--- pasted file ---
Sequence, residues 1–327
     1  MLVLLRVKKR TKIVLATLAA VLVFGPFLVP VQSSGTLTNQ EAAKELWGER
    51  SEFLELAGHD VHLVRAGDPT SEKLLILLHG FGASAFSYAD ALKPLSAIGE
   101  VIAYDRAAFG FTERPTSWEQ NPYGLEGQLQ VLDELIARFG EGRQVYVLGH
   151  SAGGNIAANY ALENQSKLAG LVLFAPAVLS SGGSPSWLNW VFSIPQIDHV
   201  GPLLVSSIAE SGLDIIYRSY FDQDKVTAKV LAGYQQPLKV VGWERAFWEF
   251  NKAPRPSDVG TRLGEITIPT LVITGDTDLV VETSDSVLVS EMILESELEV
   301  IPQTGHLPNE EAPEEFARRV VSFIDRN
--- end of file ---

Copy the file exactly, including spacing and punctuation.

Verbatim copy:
Sequence, residues 1–327
     1  MLVLLRVKKR TKIVLATLAA VLVFGPFLVP VQSSGTLTNQ EAAKELWGER
    51  SEFLELAGHD VHLVRAGDPT SEKLLILLHG FGASAFSYAD ALKPLSAIGE
   101  VIAYDRAAFG FTERPTSWEQ NPYGLEGQLQ VLDELIARFG EGRQVYVLGH
   151  SAGGNIAANY ALENQSKLAG LVLFAPAVLS SGGSPSWLNW VFSIPQIDHV
   201  GPLLVSSIAE SGLDIIYRSY FDQDKVTAKV LAGYQQPLKV VGWERAFWEF
   251  NKAPRPSDVG TRLGEITIPT LVITGDTDLV VETSDSVLVS EMILESELEV
   301  IPQTGHLPNE EAPEEFARRV VSFIDRN